Thursday, August 07, 2008

New Study Released on Human Trafficking in Burma


August 5, 2008

Economic hardship and poverty have caused several young women in Burma, particularly in regions where ethnic minorities are residing, to be an easy prey of human trafficking, an ethnic Kachin women group said in a new report.

The Thailand based Kachin Women's Association of Thailand (KWAT) in a new report release today reveal that several young women from northern Burma's Kachin state are being sold by traffickers to Chinese men, who forcibly marry them or use them as maids and slaves.

The report titled 'Eastward Bound', which is based on interviews with 163 human trafficking victims from 2004 to 2007, said nearly 37 per cent of the trafficked women ended up as wives of Chinese men, while about 4 percent are sold as housemaids or to the sex industry.

Julia, who did the research on the report said, about 64 percent of the women trafficked are missing while about 17 percent are found to have made their way home back after escaping from the traffickers.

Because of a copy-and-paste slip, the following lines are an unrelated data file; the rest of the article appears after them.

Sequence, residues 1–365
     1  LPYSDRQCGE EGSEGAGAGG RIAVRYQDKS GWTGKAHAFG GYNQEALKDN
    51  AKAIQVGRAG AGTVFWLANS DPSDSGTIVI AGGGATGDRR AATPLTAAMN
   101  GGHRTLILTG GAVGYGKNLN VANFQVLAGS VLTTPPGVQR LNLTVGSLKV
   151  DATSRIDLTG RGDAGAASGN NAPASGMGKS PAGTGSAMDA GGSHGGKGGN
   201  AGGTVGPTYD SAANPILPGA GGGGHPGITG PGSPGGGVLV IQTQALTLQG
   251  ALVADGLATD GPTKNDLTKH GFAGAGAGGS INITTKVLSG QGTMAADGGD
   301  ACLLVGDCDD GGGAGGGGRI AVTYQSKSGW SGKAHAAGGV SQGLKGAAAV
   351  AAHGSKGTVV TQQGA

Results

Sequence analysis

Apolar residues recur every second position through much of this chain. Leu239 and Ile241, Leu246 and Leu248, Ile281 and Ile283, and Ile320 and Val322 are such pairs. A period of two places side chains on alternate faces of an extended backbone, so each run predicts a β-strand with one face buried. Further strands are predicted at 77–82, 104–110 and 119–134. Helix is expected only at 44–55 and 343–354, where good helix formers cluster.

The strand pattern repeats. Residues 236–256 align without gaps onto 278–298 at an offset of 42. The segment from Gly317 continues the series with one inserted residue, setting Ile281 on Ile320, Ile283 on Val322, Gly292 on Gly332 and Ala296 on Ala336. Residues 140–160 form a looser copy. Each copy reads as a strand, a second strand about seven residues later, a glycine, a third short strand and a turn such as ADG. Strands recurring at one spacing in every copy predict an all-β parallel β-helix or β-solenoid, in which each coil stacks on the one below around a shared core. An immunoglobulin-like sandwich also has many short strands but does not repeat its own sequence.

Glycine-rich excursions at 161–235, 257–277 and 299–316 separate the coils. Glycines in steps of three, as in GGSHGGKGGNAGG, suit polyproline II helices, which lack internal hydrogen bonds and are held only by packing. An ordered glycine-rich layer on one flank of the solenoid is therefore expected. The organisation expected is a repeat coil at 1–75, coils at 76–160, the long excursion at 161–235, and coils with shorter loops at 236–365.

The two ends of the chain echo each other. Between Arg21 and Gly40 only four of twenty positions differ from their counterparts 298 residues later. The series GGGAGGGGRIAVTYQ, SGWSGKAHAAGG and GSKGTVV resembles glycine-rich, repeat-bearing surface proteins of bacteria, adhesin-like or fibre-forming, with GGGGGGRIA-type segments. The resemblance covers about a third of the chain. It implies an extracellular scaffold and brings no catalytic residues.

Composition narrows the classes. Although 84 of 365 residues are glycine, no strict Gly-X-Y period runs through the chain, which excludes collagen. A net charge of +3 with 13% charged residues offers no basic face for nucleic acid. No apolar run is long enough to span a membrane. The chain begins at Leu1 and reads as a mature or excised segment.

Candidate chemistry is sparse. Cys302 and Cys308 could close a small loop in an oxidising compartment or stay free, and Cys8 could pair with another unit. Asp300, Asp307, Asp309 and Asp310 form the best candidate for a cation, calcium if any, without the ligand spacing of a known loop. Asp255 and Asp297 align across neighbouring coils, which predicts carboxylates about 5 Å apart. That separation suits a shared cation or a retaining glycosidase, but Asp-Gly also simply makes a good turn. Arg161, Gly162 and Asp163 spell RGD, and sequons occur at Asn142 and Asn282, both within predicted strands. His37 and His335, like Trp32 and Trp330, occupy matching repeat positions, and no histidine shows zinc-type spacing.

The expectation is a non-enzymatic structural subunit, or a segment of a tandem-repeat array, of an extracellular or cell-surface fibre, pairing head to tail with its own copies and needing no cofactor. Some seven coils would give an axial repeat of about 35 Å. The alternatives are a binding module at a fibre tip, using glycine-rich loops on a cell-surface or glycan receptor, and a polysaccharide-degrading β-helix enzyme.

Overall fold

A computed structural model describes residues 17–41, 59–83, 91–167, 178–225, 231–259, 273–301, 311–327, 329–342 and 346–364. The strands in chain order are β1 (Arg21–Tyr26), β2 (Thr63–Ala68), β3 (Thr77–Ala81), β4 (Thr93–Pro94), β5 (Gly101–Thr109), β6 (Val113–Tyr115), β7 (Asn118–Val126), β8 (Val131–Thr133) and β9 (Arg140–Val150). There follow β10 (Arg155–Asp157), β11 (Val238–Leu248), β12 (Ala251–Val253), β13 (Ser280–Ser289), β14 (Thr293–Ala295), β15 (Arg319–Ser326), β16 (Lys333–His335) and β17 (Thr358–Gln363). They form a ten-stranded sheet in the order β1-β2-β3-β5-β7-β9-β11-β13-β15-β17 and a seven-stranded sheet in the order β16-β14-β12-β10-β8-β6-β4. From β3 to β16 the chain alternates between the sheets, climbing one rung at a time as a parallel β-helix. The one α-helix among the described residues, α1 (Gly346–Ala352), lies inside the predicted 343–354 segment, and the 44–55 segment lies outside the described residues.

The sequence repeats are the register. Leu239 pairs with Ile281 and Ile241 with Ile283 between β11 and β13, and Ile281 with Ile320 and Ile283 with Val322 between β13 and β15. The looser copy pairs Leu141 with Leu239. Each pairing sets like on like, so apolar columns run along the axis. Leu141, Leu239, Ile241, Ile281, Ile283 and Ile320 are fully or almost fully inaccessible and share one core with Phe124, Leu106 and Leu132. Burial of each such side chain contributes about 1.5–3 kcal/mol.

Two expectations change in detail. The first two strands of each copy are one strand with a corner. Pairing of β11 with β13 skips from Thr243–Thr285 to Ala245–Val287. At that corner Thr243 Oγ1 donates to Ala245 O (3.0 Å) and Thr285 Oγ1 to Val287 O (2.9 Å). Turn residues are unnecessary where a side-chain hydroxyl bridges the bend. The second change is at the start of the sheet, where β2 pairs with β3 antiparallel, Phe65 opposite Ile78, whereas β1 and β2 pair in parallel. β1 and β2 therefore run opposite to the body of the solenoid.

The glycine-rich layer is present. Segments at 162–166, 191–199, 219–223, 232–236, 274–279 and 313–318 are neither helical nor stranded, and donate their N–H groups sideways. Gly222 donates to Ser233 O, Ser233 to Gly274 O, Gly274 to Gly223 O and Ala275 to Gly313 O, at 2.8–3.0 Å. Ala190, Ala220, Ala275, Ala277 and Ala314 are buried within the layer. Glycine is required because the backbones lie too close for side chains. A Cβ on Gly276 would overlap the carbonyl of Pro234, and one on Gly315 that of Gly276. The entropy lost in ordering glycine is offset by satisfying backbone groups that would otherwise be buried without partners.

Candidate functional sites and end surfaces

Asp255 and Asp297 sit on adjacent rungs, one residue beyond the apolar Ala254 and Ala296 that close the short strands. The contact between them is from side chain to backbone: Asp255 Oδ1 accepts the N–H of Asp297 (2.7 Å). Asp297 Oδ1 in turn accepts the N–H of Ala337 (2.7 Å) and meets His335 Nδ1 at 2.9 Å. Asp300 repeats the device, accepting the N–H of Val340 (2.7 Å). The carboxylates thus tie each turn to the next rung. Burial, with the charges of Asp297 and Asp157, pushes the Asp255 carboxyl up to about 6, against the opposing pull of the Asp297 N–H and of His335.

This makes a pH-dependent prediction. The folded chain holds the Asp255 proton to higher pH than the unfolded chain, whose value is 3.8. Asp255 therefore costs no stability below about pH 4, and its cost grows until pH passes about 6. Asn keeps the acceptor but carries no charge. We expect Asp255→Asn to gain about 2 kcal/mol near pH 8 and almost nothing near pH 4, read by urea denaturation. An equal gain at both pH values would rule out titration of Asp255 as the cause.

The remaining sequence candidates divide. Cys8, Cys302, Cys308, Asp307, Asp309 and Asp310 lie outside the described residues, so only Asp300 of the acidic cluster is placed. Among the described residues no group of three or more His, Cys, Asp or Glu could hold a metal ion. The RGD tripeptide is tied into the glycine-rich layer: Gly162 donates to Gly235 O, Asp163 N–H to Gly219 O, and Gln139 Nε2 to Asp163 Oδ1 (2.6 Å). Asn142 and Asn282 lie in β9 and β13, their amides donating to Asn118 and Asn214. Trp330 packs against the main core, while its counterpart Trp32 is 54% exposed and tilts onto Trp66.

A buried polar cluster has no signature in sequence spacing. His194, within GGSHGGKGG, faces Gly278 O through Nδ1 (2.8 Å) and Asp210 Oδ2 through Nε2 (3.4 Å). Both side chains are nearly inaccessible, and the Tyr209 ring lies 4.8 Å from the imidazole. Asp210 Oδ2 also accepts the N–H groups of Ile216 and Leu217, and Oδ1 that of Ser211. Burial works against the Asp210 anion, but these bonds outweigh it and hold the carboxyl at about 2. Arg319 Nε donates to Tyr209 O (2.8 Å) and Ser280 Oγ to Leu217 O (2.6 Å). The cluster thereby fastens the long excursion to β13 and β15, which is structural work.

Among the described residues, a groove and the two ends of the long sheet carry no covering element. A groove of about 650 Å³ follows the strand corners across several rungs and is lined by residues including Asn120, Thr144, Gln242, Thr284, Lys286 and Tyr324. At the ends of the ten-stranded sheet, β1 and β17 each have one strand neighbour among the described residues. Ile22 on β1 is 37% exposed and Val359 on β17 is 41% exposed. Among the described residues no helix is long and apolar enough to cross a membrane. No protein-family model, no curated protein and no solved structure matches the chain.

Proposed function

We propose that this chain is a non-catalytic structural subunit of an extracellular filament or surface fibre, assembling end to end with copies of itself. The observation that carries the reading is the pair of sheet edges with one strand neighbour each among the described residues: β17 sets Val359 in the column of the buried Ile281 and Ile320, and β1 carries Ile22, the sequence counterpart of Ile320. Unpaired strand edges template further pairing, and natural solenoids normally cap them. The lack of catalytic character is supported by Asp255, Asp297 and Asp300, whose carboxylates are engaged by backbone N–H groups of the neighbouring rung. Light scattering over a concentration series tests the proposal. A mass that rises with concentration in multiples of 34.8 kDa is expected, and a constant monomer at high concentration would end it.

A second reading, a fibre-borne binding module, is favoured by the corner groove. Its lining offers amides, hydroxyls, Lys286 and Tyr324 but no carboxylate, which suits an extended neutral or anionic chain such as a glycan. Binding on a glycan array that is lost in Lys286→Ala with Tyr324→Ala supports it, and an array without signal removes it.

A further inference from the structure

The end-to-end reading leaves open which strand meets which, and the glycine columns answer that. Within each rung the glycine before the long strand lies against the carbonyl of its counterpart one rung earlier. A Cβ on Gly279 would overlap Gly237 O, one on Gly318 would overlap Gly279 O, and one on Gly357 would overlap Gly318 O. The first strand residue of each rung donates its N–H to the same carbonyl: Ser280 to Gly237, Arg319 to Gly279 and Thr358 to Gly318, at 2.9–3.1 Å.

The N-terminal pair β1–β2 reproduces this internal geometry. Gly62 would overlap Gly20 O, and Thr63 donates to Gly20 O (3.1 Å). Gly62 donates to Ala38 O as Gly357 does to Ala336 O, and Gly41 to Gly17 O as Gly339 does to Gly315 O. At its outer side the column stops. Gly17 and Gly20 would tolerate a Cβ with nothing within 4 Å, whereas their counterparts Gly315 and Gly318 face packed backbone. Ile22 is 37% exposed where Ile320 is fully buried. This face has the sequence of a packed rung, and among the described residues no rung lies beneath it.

She said, most of the women trafficked are below the age of 18 and are made vulnerable to traffickers due to difficult economic conditions at home to keep them and their families alive.

Julia said several of the girls are sold while they are working to earn a living for themselves or for their families, or while seeking for jobs, due to severe economic conditions at home.

While several girls are smuggle from Burma to China by the traffickers, many of the girls left their hometown voluntarily and migrate in search of better jobs and better living, the report said.

Shirley Seng, spokeswoman of KWAT said, the main causes of human trafficking are economic hardship and deterioration, fear of human rights violations committed by the military junta and forced relocation.

She also added that rising commodity prices has also become a major driving force to young women to migrate.

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